"I never thought I would be traded," Ozuna said. "I thought maybe the higher-salary players would be the ones [to go] and I would be one of the ones kept. When the rumors and what was being published was becoming more frequent and on the news every night, I started to get a little nervous." That nervousness has since faded to anticipation for Ozuna, who spoke excitedly about the opportunity to join a club that is a perennial postseason contender. In five seasons with the Marlins, Ozuna never played on a team that won even 80 games.
The key, Ozuna said, in making the leap from being a talented player to a budding star came in the offseason work he did leading into the year. He's following the same blueprint, one that former Marlins hitting coach Barry Bonds helped craft, over the winter. The only difference this time is that the results will play out in front of a new audience. (J Langosch - MLB.com - Dec 15, 2017)
March 23, 2018: The baseball education of Marcell Ozuna began 20 years ago, through a television screen in the Dominican resort town of Boca Chica. That's where St. Louis' new slugger was raised, first on fishing and dominos, before learning to rake. That's where he first saw Vladimir Guerrero swing with gloveless hands at any pitch in sight. And where Marcell resolved, at the age of 8, to play baseball like Vlady did.
"He was my idol," Ozuna said.
No Cardinals player turns more young heads in 2018 than Ozuna, St. Louis' splashy offseason acquisition. St. Louis hasn't seen a slugger like him in years, and because its postseason pursuit hinges on perhaps no player more. He hits 468-foot homers and swats 113.4 mph singles (per Statcast). He hits good pitching. But he's also the club's player to watch because his swing drives as many balls out as the people his persona draws in.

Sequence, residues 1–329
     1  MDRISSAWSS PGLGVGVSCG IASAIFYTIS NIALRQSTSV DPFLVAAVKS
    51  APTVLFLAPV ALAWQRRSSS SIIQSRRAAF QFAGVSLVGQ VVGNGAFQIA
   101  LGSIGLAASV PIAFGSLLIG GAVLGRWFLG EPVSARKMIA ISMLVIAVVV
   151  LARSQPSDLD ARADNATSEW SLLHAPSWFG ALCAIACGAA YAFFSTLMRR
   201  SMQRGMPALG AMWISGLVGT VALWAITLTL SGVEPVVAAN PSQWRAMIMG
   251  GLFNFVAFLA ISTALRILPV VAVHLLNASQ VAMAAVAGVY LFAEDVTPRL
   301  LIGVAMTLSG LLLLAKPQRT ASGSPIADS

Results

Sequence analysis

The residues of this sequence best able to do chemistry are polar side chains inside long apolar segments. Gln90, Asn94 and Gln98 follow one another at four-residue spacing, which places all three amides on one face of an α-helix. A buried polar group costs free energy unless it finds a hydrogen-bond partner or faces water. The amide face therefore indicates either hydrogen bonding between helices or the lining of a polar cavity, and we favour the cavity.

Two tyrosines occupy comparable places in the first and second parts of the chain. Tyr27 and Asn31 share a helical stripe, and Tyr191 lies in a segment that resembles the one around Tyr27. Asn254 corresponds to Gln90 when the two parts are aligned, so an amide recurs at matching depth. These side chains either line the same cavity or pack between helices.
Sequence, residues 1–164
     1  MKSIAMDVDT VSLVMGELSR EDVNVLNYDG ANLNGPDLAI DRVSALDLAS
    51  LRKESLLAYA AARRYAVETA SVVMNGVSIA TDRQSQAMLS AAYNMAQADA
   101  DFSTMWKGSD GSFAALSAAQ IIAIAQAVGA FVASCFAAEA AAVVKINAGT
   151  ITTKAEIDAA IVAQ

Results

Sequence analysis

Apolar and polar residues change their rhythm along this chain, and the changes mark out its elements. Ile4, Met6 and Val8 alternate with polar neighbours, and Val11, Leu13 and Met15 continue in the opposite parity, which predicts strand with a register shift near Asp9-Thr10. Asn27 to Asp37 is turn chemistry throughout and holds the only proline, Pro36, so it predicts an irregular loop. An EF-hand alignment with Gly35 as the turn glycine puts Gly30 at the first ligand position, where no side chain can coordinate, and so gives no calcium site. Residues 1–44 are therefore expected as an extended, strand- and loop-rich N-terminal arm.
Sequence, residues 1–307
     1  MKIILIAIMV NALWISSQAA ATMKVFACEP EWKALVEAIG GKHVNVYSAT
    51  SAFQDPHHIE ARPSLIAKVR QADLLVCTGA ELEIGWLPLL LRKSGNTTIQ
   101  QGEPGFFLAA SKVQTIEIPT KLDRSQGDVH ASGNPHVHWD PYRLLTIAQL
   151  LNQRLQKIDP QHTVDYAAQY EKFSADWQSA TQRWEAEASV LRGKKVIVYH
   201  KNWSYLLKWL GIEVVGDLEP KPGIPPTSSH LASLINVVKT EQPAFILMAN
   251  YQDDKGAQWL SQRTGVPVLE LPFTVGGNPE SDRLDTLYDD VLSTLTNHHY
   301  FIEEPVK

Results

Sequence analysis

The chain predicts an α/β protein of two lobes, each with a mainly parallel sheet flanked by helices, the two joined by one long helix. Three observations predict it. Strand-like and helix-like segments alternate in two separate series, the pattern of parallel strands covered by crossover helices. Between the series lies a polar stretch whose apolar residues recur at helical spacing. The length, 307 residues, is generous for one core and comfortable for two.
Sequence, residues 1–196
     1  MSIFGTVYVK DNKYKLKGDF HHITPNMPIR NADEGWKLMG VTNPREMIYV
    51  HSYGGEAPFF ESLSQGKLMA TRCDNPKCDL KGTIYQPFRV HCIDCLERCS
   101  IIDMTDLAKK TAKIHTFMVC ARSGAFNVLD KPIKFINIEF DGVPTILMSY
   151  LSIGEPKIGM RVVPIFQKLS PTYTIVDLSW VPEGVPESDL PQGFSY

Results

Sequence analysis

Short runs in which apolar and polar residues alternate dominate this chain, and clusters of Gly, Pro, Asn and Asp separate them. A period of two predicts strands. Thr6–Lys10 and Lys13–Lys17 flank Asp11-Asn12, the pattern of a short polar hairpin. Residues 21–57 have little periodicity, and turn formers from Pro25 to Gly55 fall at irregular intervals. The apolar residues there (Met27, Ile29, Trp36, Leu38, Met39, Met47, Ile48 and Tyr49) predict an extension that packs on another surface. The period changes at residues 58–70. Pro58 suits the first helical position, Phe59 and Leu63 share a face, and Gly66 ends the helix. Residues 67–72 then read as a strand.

"He's a loose guy and a fun guy with a positive attitude," says new teammate Bud Norris. Ozuna bounces with energy. He smiles and swaggers. He wears an arm sleeve neon enough to both bring out Cardinal red and clash against Chicago blue. Teammates call him "Big Bear," but he runs as fast as Andrew Benintendi, according to Statcast. Scouts say he swings like Jim Rice while cheesing like Francisco Lindor.
"He's the energizer bunny," said Royals assistant general manager Albert Gonzalez, who oversaw the Marlins' international scouting when Miami signed Ozuna as an amateur in 2008. "All he wants to do is play." Ozuna's personality never shuts off, and it helps him to cross social and industry fault lines in a seamless way. He pranks teammates in both English and Spanish. He jokes with reporters. He stands up to executives—and extends his arms.
"A lot of new players take a while to warm up to you," Cardinals president of baseball operations John Mozeliak said. "From Day One, he's hugging."
It's also made him the rare Dominican boy who grew up to find his heroes gravitating back to him. Ozuna talks hitting with Manny Ramirez. He pals around with David Ortiz. He was tutored by Barry Bonds, mentored by Pedro Martinez, managed by Don Mattingly, and bonded to the late Jose Fernandez, with whom he'll be irrevocably linked. (J Trezza - MLB.com - March 23, 2018)
March 23, 2018: Jose Fernandez invited Ozuna to join him on the seas that fateful night several years ago. They were best friends. "Brothers," Ozuna says. But Ozuna had relatives in town, and the Marlins an afternoon game the next day. Baseball and family took precedent, as they always have.